- "Where, in any industry within the scope of this Part, personal injury by accident arising out of and in the course of the employment is caused to a worker, compensation as provided by this part shall be paid by the board out of the accident fund, subject to the following subsections."
We reviewed all the evidence on file and given at the hearing including a videotape filmed at the workplace which showed the claimant at the job site and a re-creation/simulation of the original accident. We find that the weight of the evidence, on a balance of probabilities, does not support a finding that responsibility should be accepted for the claimant's right elbow difficulties and consequent decompression surgery as related to the accident of January 14, 1997 and that therefore there is no entitlement to benefits due to the November 20, 1997 right elbow surgery.
The claimant was injured on January 14, 1997 while working as a warehouseman placing boxes on a conveyor belt when the glove he was wearing caught in the rollers of a conveyor belt pulling in and trapping his hand between two rollers. Initial medical reveals that the claimant sustained a soft tissue crush injury to the right hand up to and including the wrist area with multiple abrasions to the dorsum of the hand with swelling and bruising with no noted neurovascular injury.
Two weeks after the accident the attending physician noted complaints of numbness and parasthesia to the right 4th and 5th fingers of the affected hand. The claimant returned to light duties February 27, 1997 but continued to experience problems. The claimant was referred for nerve conduction studies which were performed June 11, 1997 which revealed a mild delay in conduction across the right elbow without any evidence of conduction block.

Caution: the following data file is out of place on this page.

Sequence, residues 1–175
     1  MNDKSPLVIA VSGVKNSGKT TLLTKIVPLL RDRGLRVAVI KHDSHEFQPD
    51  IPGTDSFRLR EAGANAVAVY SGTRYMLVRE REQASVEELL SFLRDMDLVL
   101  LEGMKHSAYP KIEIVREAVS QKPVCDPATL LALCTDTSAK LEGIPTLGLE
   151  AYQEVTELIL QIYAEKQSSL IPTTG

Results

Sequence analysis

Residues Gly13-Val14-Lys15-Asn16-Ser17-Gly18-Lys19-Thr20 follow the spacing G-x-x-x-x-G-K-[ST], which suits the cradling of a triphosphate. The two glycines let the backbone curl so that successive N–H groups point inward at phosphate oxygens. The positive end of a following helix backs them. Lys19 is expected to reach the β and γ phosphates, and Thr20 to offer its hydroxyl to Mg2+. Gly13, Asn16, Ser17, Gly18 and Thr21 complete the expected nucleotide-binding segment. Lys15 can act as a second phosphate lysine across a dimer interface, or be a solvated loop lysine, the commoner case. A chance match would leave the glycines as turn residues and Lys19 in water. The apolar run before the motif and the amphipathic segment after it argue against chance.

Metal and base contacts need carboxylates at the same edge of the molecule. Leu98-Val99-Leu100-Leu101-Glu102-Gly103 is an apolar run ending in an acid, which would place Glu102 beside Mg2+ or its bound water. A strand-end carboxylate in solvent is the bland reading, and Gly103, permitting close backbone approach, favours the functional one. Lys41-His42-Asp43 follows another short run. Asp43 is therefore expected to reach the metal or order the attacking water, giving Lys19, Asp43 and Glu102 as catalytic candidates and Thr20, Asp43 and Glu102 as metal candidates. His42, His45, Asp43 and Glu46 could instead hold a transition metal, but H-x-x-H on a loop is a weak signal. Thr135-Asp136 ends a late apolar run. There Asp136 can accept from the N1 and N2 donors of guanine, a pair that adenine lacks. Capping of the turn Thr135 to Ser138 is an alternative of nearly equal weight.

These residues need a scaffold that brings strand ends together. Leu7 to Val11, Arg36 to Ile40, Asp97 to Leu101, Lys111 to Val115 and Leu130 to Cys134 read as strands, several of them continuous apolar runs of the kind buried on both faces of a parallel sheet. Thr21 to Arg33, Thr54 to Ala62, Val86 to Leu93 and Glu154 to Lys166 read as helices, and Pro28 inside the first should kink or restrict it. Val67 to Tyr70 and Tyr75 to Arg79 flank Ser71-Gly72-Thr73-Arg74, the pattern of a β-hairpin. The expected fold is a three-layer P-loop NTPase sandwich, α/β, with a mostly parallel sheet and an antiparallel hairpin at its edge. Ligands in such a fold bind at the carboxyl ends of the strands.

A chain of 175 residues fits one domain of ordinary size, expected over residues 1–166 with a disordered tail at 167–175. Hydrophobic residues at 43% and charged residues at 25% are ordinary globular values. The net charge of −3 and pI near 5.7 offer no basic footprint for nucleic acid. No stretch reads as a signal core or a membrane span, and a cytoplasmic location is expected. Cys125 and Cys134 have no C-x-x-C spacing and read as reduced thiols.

The claimant was seen by a hand specialist who noted the slowed conduction but felt that surgery was not indicated at that time. The claimant was seen again by the hand surgeon on November 17, 1997 who noted the signs and symptoms of right ulnar nerve neuropathy had not improved and the claimant was placed on a waiting list for right ulnar nerve decompression which took place November 20, 1997.
We find that the weight of the evidence reveals that no relationship has been established between the original compensable injury and the right elbow condition and consequent surgery. The initial injury was clearly a soft tissue crush injury to the right hand including the wrist involving multiple abrasions with swelling and bruising with no indication of any neurovascular injury and no soft tissue injury to any other area above the wrist. We have reviewed the results of the ulnar nerve decompression surgery at the right elbow as outlined in a narrative report from the hand surgeon dated March 23, 1998. We note from this report that there was significant pre-existing pathology which was not caused by the compensable injury. Although the hand surgeon offered his opinion that: